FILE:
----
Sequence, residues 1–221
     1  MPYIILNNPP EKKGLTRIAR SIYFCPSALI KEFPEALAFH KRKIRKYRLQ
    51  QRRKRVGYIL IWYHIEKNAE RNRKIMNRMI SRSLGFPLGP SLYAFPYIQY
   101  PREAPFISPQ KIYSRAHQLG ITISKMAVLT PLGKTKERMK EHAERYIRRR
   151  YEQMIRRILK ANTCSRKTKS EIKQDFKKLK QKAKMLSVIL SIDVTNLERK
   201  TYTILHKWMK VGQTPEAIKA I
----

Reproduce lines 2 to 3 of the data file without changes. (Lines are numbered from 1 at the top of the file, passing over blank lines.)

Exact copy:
     1  MPYIILNNPP EKKGLTRIAR SIYFCPSALI KEFPEALAFH KRKIRKYRLQ
    51  QRRKRVGYIL IWYHIEKNAE RNRKIMNRMI SRSLGFPLGP SLYAFPYIQY